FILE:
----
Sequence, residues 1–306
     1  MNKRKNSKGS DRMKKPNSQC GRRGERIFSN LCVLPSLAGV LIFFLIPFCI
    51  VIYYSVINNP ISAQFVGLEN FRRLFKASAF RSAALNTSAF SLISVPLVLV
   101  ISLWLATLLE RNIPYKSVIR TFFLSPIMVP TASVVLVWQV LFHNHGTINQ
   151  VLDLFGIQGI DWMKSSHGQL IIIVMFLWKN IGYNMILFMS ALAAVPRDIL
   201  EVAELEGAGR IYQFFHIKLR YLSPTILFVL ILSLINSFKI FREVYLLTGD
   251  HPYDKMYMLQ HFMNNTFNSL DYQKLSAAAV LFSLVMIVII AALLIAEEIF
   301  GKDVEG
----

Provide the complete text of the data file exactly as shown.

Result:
Sequence, residues 1–306
     1  MNKRKNSKGS DRMKKPNSQC GRRGERIFSN LCVLPSLAGV LIFFLIPFCI
    51  VIYYSVINNP ISAQFVGLEN FRRLFKASAF RSAALNTSAF SLISVPLVLV
   101  ISLWLATLLE RNIPYKSVIR TFFLSPIMVP TASVVLVWQV LFHNHGTINQ
   151  VLDLFGIQGI DWMKSSHGQL IIIVMFLWKN IGYNMILFMS ALAAVPRDIL
   201  EVAELEGAGR IYQFFHIKLR YLSPTILFVL ILSLINSFKI FREVYLLTGD
   251  HPYDKMYMLQ HFMNNTFNSL DYQKLSAAAV LFSLVMIVII AALLIAEEIF
   301  GKDVEG